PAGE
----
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Reviewed by:
  • The Event [Sobytie] dir. by Sergei Loznitsa
  • Mariëlle Wijermars
The Event [Sobytie] (2015)
Directed by Sergei Loznitsa
Distributed by Atoms & Void
74 minutes

Ukrainian director Sergei Loznitsa is best known to Western audiences for his feature films. His feature debut My Joy (2010) and follow-up In the Fog (2012) were both received with critical acclaim at international film festivals. Loznitsa’s documentary work has remained lesser known, but this is rapidly changing as a result of the directly political connotations of his most recent films: Maidan (2014), which documents the dramatic unfolding of the Euromaidan protests of 2013 and 2014 in Kiev, and The Event (2015), a compilation film about the anti-governmental protests that took place in Leningrad during the attempted coup d’état of August 1991. These films also exemplify the two distinct approaches that define Loznitsa’s work as a documentary filmmaker. Motivated by a drive to bear witness, to document, revisit and relive both past and present, the director, on one hand, makes films that silently observe and document the present, such as Portrait (2002) and Maidan. On the other hand, Loznitsa re-examines the past and its representation through montage of archival film, s in films such as Blockade (2005), about the siege of Leningrad, and Revue (2008). The Event falls into this latter category.

The August 1991 coup d’état was instigated by a group of Communist Party hardliners, who strongly opposed the program of far-reaching reforms, or perestroika, implemented by Soviet president Mikhail Gorbachev. After being met with intense civil resistance and claiming three lives, the coup collapsed after only two days. Notwithstanding, the events are commonly thought to have contributed toward the collapse of the Soviet Union in a major way. The images of military standoff and tanks rolling through the streets of Moscow are engraved into collective memory. However, the fact that half a million people gathered on Leningrad’s Palace Square in protest to the coup has largely been forgotten. With the television showing Swan Lake on repeat, as was customary in the Soviet Union at times of political upheaval, Loznitsa shows how people took to the streets to gather information from other sources. Drawing upon footage that was shot in Leningrad by local cameramen, Loznitsa provides us [End Page 86] with a never-before-seen view into civilian resistance beyond the Soviet capital.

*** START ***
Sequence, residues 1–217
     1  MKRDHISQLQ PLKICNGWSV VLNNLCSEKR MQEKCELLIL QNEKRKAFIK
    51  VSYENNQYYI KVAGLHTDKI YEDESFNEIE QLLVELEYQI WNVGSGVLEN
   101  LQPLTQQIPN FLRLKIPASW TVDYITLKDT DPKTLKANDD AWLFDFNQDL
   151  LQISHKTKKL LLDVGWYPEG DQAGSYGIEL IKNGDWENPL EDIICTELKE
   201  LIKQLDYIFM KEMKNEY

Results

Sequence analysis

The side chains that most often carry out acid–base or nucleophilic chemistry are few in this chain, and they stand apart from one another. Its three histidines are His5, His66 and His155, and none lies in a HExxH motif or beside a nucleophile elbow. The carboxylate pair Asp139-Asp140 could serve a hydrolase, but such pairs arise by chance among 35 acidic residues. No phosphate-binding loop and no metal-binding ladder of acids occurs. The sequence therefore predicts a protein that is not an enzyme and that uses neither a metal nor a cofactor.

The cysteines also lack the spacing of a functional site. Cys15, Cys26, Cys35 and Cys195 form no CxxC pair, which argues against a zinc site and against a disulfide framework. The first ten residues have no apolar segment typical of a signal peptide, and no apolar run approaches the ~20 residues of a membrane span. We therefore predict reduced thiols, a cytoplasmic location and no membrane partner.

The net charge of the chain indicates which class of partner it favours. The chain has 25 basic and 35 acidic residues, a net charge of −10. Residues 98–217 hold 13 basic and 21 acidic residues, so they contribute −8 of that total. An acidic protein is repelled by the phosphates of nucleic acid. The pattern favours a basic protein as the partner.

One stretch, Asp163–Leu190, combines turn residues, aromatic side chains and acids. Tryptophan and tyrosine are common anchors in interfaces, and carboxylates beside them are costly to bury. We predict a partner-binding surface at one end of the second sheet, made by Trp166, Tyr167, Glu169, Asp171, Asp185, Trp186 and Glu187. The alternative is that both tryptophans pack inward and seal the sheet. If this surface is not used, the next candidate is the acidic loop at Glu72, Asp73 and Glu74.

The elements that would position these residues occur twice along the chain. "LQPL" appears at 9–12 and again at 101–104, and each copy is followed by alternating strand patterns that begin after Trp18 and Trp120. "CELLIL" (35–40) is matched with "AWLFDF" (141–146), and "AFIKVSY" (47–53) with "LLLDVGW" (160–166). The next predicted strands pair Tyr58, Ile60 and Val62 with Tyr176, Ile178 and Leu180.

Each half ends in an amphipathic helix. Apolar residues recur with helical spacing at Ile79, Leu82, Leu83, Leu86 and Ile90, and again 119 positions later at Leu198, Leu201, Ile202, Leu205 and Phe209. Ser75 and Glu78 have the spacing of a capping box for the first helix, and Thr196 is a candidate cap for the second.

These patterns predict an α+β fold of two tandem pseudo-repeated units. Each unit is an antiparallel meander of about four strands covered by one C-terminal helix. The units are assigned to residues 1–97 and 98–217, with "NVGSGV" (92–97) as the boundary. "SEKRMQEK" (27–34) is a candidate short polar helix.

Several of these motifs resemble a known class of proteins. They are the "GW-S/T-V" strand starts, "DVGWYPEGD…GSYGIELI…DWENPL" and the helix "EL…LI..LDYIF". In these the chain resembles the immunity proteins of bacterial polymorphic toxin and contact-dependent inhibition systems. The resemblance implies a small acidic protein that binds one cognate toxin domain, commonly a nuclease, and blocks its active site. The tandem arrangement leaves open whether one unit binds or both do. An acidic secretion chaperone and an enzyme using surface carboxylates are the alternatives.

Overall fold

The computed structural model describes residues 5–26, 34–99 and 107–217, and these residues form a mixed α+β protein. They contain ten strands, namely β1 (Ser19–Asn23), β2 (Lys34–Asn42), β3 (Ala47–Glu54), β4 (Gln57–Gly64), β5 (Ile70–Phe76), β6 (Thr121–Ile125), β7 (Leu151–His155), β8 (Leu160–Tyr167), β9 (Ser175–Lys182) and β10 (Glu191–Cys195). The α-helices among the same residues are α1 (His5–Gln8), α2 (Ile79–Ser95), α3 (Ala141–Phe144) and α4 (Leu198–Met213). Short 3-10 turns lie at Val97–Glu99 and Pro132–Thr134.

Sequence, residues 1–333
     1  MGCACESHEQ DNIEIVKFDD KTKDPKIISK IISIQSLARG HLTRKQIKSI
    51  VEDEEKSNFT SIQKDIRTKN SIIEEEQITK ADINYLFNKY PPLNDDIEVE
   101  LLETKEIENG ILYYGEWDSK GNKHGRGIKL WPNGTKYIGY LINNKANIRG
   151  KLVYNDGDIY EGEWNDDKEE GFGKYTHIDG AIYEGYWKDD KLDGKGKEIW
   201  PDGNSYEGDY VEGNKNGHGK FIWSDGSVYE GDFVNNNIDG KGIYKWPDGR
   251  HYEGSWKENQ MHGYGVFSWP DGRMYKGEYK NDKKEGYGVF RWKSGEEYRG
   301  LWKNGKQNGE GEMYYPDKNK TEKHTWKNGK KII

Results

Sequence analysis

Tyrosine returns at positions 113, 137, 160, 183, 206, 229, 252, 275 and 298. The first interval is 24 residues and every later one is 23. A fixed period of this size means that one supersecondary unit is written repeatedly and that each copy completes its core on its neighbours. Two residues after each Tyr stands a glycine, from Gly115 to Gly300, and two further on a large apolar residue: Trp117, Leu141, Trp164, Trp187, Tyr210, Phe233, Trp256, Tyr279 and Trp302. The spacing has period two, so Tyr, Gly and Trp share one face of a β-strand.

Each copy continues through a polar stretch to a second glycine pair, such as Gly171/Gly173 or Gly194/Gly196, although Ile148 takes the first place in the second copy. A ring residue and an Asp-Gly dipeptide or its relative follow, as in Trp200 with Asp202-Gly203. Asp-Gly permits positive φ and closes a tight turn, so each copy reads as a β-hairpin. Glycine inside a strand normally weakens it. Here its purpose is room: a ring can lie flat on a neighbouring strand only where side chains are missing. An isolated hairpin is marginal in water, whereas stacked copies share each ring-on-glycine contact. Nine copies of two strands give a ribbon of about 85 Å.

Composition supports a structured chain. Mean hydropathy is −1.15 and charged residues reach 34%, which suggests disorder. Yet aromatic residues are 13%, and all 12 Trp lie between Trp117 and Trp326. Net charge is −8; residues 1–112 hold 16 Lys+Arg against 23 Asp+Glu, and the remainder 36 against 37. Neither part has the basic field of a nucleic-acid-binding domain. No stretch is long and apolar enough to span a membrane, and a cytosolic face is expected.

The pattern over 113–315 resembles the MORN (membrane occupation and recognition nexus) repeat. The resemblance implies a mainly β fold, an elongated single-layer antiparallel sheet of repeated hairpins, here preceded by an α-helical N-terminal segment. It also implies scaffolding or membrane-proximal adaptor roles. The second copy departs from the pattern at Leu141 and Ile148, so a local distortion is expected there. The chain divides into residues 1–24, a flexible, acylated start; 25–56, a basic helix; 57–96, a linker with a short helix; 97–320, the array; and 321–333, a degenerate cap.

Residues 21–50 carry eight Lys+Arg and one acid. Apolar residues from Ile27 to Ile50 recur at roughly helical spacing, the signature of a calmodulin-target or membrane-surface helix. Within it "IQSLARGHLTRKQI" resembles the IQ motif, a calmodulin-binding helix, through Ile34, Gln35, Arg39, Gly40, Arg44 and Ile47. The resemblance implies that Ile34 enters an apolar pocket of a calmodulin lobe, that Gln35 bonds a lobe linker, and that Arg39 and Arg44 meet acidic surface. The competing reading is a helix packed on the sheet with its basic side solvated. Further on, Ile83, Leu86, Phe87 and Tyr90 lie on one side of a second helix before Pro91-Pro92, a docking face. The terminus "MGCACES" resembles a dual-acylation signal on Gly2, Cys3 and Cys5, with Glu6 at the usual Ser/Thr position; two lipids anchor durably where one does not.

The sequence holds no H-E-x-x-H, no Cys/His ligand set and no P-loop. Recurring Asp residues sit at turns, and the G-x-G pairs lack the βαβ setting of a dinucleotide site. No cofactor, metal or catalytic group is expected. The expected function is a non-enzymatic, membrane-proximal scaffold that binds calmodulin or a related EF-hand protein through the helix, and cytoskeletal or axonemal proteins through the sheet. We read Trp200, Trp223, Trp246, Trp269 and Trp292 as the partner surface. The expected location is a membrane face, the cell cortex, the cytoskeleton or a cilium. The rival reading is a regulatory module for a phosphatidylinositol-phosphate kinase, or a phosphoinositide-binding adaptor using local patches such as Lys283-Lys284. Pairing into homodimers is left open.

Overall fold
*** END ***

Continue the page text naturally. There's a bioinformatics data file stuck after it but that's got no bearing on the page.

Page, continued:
Just like Maidan, which The Event is clearly intended to complement, the film’s object of investigation is civil protest. Indeed, Loznitsa has stated in interviews that he came across the footage some years earlier, but felt that the events in Ukraine invested them with particular significance. By revisiting the past, Loznitsa thus seeks to gain understanding about when, why, and how large masses of people choose to gather and defy the political structure and demand change. The political immediacy of the film’s subject is reinforced by how the images of barricades, banners, and speeches reverberate with images of the highly mediatized protest movements of recent years. At times, the past feels particularly “present” in The Event, through repeated references to fascism (one of the pervasively used terms with regard to the recent conflict in Ukraine). The intensity of the protest, however, is rather different. As they are mobilized in protest, the Leningrad crowds are still predominantly passively awaiting what will happen next. They are uncertain, hesitant, and clearly lacking in previous protesting experience. The inclusion of Viktor Tsoi’s emblematic perestroika song “We are waiting for change” in the soundtrack is highly suggestive here.

What is particularly distinctive about the film is the fact that Loznitsa refrains from singling out a main hero and forgoes on overlaid narration or interviews. All cues about what is going on derive from in situ sound recordings and minimal title cards that indicate the main events. While certainly not devoid of a political message, Loznitsa thus refrains from applying an interpretative frame throughout, instead letting the viewers reach their own conclusions. To a certain extent, the film even mimics the experience of the people we see on the screen: the viewer hears what they would be able...


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pp. 86-87
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